Trains, tracks, physics, and mechanics


I'm writing an application that simulates a children's wooden toy train set.

My goal is to move the train around the track only by applying a force in the vector of its direction.

Before I go further; yes, I could do this using a pathfinding algorithm. That is Plan B, I was hoping however that the physics engine would be sophisticated enough that I could use it alone.

Here is a screen shot of what I'm trying to do.


In this screen shot,

  • the track has a mesh collider
  • the track is not a rigid body
  • the train is a rigid body with a mass of 1
  • the train (except for wheels, wheel hubs, and axles) has a mesh collider. This should not play a role while the train is upright.
  • each wheel has wheel collider(s)
  • the mass of each wheel collider is 100

My goal, obviously is for the wheels to stay in the tracks.

On straight segments I have been able to keep the wheels in the tracks, using the side forces of the track's mesh collider against the wheel collider.

As soon as there is a slight curve, this no longer works, and the train goes off the track, and bloody gore ensues.

I have played with the model for a few hours without much luck. I've tried

  • using one wheel collider per wheel
  • using two wheel colliders per wheel (inside and outside), each the size of the larger diameter part of the wheel
  • using three wheel colliders per wheel (inside large, middle large, outside small)
  • adjusting the mass of the wheels, between 1 and 100
  • adding mesh colliders to the wheels
  • adding convex mesh colliders to the wheels
  • adjusting the sideways stiffness factor between 0 and 1 (1, 20000, 2, 10000)
  • adjusting the suspension distance and springs
  • changing the train's rigidbody collision detection

At my current scale (I am using 1u = 1mm), gravity is set to -9810, which results in the correct amount of time for a ball to drop from 10m.

I've realized that there is no need for more than one wheel collider per wheel because the forces from the sides of the track have no effect on them, so I need another collider on each wheel for that. I've tried mesh, but maybe cylinder colliders would work better.

Anyways, I'm still working on this without much luck. Any advise or even "you can't do that because" would help.

Progress update.
This is working better.
1 wheel collider per wheel.
1 capsule collider per wheel (vertical, diameter=width of wheel, height=diameter of wheel) to follow the groove of the tracks. PS: why no cylinder collider?
Also, the geometry of the locomotive was colliding with the track, which is weird since this is based on a real-world design. Over compensated diameters of wheel colliders for now.

It looks like the wheel colliders really don't like colliding with the mesh collider of the tracks. They will sink right through.

Two mesh colliders will not collide with each other unless one of them is marked as “Convex,” meaning it makes a new mesh that is shrink-wrapped around your original mesh to simplify the shape (math term: Convex Hull).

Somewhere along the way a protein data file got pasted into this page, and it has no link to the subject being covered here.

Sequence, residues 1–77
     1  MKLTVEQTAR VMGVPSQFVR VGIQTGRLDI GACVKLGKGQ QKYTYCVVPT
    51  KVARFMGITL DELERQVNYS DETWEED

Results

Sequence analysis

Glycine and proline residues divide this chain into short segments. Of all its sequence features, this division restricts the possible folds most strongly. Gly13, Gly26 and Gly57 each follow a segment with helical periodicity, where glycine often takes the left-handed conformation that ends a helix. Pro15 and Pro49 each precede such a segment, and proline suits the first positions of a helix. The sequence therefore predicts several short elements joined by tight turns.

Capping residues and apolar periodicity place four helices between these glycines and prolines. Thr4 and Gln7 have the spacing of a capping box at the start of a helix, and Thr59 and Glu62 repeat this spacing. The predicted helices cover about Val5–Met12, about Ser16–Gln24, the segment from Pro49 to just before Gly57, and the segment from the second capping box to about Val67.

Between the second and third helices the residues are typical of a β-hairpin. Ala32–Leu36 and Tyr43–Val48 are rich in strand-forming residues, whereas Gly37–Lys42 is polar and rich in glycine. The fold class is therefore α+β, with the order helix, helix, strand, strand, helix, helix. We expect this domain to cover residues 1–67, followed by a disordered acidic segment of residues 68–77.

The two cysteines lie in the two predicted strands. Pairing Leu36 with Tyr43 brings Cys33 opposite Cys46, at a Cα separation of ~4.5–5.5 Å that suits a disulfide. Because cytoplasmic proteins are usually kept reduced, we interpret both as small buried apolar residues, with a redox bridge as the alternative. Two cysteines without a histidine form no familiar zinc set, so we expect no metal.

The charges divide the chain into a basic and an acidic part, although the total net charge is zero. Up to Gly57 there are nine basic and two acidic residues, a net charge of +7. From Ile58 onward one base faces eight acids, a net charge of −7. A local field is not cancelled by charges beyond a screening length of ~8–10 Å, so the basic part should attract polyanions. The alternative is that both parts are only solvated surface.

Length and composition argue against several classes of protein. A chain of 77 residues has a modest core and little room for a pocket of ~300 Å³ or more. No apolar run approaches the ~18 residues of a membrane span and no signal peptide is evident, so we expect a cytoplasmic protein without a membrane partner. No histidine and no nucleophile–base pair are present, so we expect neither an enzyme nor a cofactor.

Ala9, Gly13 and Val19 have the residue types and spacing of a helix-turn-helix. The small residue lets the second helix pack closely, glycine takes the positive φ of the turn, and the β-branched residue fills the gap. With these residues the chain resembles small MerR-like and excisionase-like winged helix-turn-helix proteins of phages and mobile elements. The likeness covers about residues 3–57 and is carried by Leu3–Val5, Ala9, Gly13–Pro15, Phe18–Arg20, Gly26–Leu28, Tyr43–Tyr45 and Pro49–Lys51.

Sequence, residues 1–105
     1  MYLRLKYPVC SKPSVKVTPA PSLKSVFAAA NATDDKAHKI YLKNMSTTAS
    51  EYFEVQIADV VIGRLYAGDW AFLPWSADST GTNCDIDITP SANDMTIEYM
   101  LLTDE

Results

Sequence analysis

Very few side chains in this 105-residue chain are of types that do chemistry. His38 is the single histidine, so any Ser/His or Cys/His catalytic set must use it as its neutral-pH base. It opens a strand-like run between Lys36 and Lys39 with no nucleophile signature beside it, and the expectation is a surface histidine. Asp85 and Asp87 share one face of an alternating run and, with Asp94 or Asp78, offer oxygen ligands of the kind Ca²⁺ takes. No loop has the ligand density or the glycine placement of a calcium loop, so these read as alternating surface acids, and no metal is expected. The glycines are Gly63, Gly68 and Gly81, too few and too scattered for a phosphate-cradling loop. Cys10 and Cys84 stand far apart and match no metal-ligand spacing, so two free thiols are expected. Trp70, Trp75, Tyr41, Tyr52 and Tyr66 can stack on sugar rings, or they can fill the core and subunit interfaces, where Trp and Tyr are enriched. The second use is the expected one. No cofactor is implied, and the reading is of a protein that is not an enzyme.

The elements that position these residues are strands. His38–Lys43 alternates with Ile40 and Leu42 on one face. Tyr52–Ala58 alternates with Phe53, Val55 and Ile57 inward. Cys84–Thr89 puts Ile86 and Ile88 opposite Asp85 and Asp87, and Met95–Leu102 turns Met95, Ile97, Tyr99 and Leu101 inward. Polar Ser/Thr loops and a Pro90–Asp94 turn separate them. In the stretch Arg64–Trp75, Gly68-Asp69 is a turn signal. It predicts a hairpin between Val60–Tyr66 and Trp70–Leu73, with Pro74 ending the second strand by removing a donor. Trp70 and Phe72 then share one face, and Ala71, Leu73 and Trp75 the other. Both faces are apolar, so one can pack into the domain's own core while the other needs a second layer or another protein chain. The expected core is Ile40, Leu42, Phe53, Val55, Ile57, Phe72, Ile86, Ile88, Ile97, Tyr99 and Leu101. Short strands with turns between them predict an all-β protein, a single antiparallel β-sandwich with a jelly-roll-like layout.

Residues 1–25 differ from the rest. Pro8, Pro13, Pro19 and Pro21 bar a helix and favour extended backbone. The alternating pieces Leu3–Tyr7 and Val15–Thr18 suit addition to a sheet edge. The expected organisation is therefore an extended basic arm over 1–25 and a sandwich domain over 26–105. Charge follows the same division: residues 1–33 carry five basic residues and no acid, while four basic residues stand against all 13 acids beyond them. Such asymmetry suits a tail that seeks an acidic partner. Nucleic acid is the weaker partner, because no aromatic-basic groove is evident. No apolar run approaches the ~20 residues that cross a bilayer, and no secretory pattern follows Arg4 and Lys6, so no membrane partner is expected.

I also noticed they had no cylinder collider. The wheel collider is technically the shape we want, but it has a lot of physics extras for driving games. Apparently, it’s not very good at hitting curbs.

I would experiment with a box collider that matches the bed and outside curbs of the track, instead of a full mesh collider for the track. That’s not ideal, but it’s enough to give new ideas.

Your comment about the mesh colliders makes sense, but my current iteration has only one mesh collider - the track. Interestingly the wheel collider falls through the mesh eventually. Using a capsule collider like a vertical dowel seems to work for direction, but prevents movement since the wheels aren't colliding.

I agree that I might need to use box colliders for the track segments; but this would be tricky/compilcated on curved segments.

Thanks for the input.

Don't use colliders for the train or wheels. First work out a suspension system that holds the train "in the air". This can be as simple as seting the position of the train to the suspesion distance by raycasting down to the floor.
Next, find a way to tell how far is the train from the track center line. Then add a force from the side proportional to the distance to the cener of the track. This will keep the train on the track the same way a tire would keep a car on the disaired direction. This script could be placed in every wheel axle of a wagon. Then each wagon can be hooked together with a hinge joint. I've done this before and seems to be the best and simplest way. Just keep in mind that when you add the force at the weels position sideways it can still make your train flip. To avoid this you cold do 2 things, one put the center of gravity of the wagon/train at the floor level or apply the force at the center of mass.
The problem when working with rigidbody and forces is that it requires a lot of tweeking and testing to avoid undisired behaviours like the wheel going out of the track at curves.
Hope it helps.

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